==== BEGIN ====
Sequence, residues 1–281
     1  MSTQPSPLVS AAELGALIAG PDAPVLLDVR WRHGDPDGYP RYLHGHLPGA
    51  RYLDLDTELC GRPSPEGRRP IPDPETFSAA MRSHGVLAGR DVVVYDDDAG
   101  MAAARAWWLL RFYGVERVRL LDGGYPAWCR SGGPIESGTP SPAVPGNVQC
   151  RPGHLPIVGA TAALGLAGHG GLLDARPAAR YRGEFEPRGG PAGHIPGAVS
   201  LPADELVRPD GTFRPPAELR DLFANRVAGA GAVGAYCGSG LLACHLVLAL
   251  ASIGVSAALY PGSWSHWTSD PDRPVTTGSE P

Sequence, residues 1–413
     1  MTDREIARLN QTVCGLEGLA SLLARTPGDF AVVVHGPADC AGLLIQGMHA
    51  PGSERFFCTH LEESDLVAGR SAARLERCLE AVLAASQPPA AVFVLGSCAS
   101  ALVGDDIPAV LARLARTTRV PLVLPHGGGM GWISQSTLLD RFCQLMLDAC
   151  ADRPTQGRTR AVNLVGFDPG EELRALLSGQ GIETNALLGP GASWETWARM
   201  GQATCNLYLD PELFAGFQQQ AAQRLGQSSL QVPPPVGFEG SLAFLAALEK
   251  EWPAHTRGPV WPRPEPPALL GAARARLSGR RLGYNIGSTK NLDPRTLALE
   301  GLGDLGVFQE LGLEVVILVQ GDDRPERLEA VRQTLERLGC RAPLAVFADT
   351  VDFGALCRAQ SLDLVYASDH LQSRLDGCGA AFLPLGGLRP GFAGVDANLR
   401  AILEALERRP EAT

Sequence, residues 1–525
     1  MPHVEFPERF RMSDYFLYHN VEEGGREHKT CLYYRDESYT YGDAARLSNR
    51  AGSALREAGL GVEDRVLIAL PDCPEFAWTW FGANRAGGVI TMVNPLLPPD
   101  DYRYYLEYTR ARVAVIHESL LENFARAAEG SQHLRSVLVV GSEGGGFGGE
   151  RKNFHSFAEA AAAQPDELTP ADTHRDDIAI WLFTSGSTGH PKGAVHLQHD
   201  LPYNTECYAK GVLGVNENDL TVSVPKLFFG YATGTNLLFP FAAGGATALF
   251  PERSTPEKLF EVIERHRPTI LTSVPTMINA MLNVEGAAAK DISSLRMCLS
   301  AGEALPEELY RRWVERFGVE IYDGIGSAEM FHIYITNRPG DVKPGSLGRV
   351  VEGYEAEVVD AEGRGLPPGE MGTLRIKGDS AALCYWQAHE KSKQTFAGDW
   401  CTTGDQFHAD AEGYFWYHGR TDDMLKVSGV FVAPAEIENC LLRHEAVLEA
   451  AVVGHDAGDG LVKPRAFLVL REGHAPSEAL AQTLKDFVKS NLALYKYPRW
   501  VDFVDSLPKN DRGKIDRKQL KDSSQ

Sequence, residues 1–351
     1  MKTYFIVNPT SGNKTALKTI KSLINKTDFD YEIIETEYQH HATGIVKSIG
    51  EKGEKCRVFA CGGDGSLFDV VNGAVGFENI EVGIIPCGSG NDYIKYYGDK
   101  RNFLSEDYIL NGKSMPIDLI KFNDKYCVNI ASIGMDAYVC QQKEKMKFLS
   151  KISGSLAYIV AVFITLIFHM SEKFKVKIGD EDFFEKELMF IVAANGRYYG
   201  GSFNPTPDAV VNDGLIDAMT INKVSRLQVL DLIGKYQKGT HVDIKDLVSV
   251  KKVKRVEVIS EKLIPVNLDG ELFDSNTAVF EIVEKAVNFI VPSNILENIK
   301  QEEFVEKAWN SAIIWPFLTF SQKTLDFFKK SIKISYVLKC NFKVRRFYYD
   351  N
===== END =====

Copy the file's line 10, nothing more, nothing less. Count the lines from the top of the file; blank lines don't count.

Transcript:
    51  PGSERFFCTH LEESDLVAGR SAARLERCLE AVLAASQPPA AVFVLGSCAS